Organiser and guitarist Dave Edwards says Wellington has a great avant-garde music scene, but one of the group’s aims is to bring in some new blood - though they do feature experienced avant-garde musicians like Nigel and Dave.

The Ascension Band formed in 2003 for Wellington’s Meatwaters Festival, getting their name from jazz great John Coltrane’s “Ascension”, a groundbreaking 40-minute piece that featured 10 musicians. Coltrane remains something of an inspiration, as Nigel says he’s liked by punk and jazz fans alike.

The bands’ shows will be recorded, and they hope to make an album out of them.

Ascension Band: Electric Symphony
Friday 25th February @ Happy, 10pm
Friday 4th & Saturday 5th March @ Newtown Community Centre, 7.30pm
$6 full price, $5 unwaged, $4 Fringe card

Live 2004’ DVD available now
Visit http://ascension05.tripod.com or email fiffdimension@hotmail.com

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February 20, 2005

the 99th blog entry

I got woken at 5am by the window rattling. I’m annoyed at myself for going to sleep with an idea for a song in my head and not writing it down, because I was sure I’d remember it. Now I’ve no idea what the idea was, probably nothing earth-shattering but it’s irritating to lose it. I’ve told myself a thousand times not to rely on the instinct that says I’ll remember things – must be some kind of devil whispering.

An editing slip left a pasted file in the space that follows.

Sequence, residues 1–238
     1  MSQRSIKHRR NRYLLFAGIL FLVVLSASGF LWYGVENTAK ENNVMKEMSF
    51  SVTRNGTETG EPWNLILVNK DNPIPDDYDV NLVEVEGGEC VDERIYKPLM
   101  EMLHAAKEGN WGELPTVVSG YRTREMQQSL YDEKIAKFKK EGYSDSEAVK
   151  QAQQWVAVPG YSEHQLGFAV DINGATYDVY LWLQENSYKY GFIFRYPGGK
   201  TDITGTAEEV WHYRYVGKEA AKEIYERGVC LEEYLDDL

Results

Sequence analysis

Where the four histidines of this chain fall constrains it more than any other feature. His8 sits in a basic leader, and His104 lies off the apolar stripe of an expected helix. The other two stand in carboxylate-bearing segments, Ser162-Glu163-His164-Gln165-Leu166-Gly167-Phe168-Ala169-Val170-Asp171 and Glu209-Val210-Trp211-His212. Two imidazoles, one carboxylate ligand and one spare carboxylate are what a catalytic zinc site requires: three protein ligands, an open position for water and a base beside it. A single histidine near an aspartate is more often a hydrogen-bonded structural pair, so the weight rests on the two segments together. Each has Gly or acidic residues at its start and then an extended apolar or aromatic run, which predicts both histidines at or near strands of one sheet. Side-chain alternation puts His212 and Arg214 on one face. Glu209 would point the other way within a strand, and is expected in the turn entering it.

I do remember one exchange from a dream I just had though – bumping into a guy I went to school with, now older and looking uncomfortable in an ill-fitting suit. He was complaining about his (presumably well-paid) job in legal publishing. I said, “well I wouldn’t want to work in legal publishing – fuck that shit”. The punchline being of course that I do have a part-time job in legal publishing (not that bad as semi-skilled sitting-in-front-of-a-computer-all-day jobs go – there’s a minimum of pressure and I can listen to CDs while I’m there). In the dream I went downstairs to work and spent the rest of the time hoping the guy wouldn’t see me.